during the NFC Wildcard Playoff Game at AT&T Stadium on January 4, 2015 in Arlington, Texas.

Even if he never plays again, Calvin Johnson is a Hall of Famer

All signs suggest Calvin Johnson is retiring at the age of 30. Will it stick? It did when Barry Sanders did the same thing in the same city at the same age 20 years ago, but we’ve seen waffling from other “retired” superstars in the NFC North.

But even if Johnson does walk away for good, he’ll likely still find his way into the Pro Football Hall of Fame.

Working against Johnson — naturally — is the fact his cumulative stats won’t be as impressive as many non-Hall of Famers. Guys like Muhsin Muhammad, Eric Moulds and Donald Driver have more catches than Johnson, who ranks 43rd all time with 731. And he ranks outside of the top 20 in terms of yardage and touchdowns.

In this day and age, that won’t usually cut it.

But Johnson ranks second in history with 86.1 yards per game, and his 1,964 yards in 2012 is by far the highest single-season total in NFL history. That combined with what we’ve seen from him empirically has to be enough, even in such a short career.

There’s only one modern-day wide receiver in the Hall of Fame who played fewer than 10 seasons. That’s Lynn Swann, who spent nine years with the Pittsburgh Steelers. Swann helped Pittsburgh win four Super Bowls in that span, but when he retired in 1982 he ranked 61st in terms of yards per game and outside of the top 30 in all of the key cumulative categories.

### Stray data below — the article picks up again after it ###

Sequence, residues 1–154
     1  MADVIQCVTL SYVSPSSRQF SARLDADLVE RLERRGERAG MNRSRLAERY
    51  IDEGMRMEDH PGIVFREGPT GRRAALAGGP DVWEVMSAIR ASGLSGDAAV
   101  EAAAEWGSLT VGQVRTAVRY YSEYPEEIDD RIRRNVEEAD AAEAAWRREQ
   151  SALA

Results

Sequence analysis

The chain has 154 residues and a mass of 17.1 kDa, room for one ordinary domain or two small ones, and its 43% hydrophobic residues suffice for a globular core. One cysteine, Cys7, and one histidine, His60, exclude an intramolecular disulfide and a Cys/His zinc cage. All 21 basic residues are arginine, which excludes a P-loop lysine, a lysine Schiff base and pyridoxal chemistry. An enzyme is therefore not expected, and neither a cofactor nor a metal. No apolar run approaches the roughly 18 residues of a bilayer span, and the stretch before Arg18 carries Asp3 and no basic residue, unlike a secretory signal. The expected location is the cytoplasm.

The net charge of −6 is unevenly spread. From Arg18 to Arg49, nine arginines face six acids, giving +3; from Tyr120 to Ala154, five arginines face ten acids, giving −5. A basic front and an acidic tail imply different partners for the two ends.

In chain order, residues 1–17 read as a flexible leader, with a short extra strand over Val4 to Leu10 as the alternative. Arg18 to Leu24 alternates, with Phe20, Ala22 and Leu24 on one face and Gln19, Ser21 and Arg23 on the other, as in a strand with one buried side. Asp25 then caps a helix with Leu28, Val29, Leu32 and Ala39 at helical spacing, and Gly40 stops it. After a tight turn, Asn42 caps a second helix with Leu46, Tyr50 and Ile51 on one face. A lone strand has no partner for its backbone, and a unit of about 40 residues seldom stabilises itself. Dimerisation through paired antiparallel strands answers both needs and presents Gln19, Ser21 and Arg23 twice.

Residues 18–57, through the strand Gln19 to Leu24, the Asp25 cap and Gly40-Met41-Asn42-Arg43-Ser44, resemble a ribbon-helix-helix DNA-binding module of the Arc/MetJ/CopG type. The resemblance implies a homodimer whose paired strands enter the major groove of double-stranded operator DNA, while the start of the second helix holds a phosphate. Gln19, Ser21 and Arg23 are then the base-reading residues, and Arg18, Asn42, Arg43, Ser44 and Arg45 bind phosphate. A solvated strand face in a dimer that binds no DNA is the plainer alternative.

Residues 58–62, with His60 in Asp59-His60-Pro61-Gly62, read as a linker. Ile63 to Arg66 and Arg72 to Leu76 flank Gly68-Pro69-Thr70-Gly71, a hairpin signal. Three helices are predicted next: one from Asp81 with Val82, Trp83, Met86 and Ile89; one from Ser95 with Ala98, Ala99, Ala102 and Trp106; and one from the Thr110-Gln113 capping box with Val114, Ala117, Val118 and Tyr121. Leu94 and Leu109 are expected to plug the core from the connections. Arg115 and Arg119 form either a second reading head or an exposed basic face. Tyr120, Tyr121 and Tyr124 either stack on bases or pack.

Yes, it was a different era, but the man never had a 1,000-yard season.

So if Swann’s in, Johnson has to eventually find his way in. The only question is probably when that happens, because Johnson’s decision to walk away now will likely cost him first-ballot entry, especially if Peyton Manning joins him as a first-time candidate in 2021.

Brad Gagnon

About Brad Gagnon

Brad Gagnon has been passionate about both sports and mass media since he was in diapers -- a passion that won't die until he's in them again. Based in Toronto, he's worked as a national NFL blog editor at theScore.com, a producer and writer at theScore Television Network and a host, reporter and play-by-play voice at Rogers TV. His work has also appeared at CBSSports.com, Deadspin, FoxSports.com, The Guardian, The Hockey News and elsewhere at Comeback Media, but his day gig has him covering the NFL nationally for Bleacher Report.

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